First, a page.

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Data sharing serves a purpose for child welfare expert

Krieger_Dianeby Diane Krieger
By pooling the information of several agencies, Jacquelyn McCroskey was able to determine the geographic impact of child care budget cuts in Los Angeles County.
By pooling the information of several agencies, Jacquelyn McCroskey was able to determine the geographic impact of child care budget cuts in Los Angeles County.

Nearly 900,000: That’s how many infants, toddlers and preschoolers are in Los Angeles County right now.

Disturbingly little is known about the circumstances of these most vulnerable members of the community. Many are at home, but others are in child care centers and preschools that run the gamut from high quality to abysmally low quality.

Troubled by so much uncertainty, Jacquelyn McCroskey wanted to help.

“I’ve been thinking about what academics have to offer in this,” the USC social work professor said. A longtime advocate for better child services, she had the bright idea of pooling existing information.

California has four separate programs funneling state subsidies to licensed child care providers. There are also nine state-funded child care resource and referral agencies in Los Angeles County, home of the nation’s largest federally funded Head Start program.

“All these government agencies gather a lot of administrative data, which they use primarily internally,” said McCroskey, John Milner Professor of Child Welfare at the USC School of Social Work.

What these bureaucrats rarely do is share information.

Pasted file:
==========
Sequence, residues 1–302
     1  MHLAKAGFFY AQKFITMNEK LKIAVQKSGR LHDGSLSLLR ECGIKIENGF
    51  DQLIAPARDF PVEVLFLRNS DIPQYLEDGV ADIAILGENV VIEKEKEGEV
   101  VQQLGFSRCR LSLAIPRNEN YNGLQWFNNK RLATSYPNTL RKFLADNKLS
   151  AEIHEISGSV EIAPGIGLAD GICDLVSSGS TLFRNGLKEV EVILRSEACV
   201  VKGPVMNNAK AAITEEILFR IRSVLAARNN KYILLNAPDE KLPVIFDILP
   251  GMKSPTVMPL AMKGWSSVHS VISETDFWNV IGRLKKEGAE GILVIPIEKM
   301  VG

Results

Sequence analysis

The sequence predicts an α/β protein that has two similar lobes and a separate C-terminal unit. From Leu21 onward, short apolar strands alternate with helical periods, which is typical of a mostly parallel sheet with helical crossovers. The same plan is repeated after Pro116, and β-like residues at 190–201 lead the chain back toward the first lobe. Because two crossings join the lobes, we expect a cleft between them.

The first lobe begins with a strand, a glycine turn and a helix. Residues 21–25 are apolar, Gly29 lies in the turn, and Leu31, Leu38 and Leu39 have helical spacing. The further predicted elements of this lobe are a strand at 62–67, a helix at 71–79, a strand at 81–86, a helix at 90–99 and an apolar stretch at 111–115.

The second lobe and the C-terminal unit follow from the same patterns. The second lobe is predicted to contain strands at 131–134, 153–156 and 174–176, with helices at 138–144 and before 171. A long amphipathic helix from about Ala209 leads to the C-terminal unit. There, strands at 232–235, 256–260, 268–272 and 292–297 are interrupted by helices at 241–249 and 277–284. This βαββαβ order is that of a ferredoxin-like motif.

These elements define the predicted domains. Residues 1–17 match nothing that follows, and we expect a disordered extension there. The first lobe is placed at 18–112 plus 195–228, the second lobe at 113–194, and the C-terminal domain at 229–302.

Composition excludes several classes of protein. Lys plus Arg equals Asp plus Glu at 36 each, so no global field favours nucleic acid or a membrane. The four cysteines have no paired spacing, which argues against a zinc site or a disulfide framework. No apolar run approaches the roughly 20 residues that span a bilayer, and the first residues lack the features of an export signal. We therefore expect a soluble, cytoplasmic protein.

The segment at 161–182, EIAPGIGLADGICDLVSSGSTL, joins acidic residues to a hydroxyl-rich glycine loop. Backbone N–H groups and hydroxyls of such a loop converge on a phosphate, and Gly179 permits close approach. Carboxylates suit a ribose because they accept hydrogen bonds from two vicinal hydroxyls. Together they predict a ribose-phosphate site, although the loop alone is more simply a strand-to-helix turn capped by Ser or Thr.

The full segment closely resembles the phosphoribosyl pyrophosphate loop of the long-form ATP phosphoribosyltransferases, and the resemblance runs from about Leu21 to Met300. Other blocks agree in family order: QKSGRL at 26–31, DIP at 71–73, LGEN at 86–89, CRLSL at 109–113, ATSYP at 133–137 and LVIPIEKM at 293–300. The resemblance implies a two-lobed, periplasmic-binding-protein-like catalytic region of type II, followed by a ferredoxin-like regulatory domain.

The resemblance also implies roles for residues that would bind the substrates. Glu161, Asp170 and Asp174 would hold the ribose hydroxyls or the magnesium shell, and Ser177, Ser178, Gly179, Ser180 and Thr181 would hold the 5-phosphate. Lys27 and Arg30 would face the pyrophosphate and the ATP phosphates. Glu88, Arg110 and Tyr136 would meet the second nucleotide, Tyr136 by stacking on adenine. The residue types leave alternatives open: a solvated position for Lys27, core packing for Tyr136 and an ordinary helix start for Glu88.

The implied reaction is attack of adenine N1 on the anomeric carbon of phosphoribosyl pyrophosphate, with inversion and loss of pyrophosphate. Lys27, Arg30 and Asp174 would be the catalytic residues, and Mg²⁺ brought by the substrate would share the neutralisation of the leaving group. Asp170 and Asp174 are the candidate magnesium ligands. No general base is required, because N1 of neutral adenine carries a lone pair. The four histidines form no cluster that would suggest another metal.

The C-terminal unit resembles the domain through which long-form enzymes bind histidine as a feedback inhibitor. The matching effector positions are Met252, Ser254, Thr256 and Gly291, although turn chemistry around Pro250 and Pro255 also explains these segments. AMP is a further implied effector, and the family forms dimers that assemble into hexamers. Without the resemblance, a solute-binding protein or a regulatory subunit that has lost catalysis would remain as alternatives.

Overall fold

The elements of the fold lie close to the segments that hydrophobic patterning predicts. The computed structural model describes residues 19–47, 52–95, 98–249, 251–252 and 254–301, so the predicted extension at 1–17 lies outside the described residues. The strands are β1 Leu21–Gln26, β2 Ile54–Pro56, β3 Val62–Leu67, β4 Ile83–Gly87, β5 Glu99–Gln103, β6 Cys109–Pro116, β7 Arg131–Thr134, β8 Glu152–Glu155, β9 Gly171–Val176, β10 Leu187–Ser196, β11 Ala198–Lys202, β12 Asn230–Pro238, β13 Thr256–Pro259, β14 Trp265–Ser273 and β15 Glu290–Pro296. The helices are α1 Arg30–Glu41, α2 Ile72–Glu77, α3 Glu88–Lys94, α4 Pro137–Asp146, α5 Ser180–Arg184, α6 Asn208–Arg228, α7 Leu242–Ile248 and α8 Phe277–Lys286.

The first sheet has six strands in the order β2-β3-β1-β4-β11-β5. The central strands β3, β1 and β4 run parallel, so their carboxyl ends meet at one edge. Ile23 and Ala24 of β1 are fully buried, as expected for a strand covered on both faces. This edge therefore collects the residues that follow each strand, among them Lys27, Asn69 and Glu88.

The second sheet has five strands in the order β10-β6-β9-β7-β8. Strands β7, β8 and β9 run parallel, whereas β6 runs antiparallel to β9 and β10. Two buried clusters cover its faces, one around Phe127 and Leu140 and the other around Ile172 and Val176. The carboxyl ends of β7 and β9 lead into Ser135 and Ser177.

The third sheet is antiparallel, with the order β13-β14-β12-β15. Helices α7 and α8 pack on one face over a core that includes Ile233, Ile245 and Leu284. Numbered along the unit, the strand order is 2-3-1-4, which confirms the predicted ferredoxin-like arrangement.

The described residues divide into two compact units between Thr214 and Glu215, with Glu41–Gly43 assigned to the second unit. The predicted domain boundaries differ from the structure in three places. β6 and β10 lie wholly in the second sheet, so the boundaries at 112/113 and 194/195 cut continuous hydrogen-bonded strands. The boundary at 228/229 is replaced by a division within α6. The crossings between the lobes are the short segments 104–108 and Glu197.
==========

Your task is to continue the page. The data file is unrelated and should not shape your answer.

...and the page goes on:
“But if you can figure out a way to go across the silos,” McCroskey realized, “you can actually say things that are pretty surprising to people who generally only focus within their areas.”

An expert in child welfare, juvenile justice and early childhood education, McCroskey has contacts in all of these agencies. Through her affiliation with the First 5 LA Board of Commissioners, she helped form the Los Angeles Children’s Data Network two years ago and has systematically set about aggregating cross-agency data.

“It wasn’t easy to get all these people to work together and share their stuff,” she said. “But once you did that, you could really see that the geographic impact [of child care budget cuts] was very different in different parts of Los Angeles County.”

In April 2012, the data network issued “Shrinking Investments Yield Smaller Returns,” a report that paints a grim picture of decline. Between 2008 and 2011, the elimination of $1.2 billion in state funds earmarked for early child care and education resulted in the loss of more than 11,200 “seats” for low-income children. In December, McCroskey spearheaded Save My Seat, an interactive website detailing the loss of seats by age and income status. The data is also searchable by ZIP code, city, school district and legislative and congressional district. The project prompted an article in the Los Angeles Times.

Thus, data point by data point, McCroskey is connecting the dots, bringing together stakeholders and holding county authorities accountable.

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